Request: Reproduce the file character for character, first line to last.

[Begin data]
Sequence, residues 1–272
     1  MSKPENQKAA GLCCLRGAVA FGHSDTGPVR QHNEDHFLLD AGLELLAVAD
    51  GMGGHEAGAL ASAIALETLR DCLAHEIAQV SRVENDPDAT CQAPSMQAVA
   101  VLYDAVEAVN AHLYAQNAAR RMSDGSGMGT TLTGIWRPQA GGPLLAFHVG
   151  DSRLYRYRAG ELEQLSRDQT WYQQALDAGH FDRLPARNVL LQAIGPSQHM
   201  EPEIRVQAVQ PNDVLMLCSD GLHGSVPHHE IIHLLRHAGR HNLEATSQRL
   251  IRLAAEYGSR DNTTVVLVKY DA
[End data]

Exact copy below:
Sequence, residues 1–272
     1  MSKPENQKAA GLCCLRGAVA FGHSDTGPVR QHNEDHFLLD AGLELLAVAD
    51  GMGGHEAGAL ASAIALETLR DCLAHEIAQV SRVENDPDAT CQAPSMQAVA
   101  VLYDAVEAVN AHLYAQNAAR RMSDGSGMGT TLTGIWRPQA GGPLLAFHVG
   151  DSRLYRYRAG ELEQLSRDQT WYQQALDAGH FDRLPARNVL LQAIGPSQHM
   201  EPEIRVQAVQ PNDVLMLCSD GLHGSVPHHE IIHLLRHAGR HNLEATSQRL
   251  IRLAAEYGSR DNTTVVLVKY DA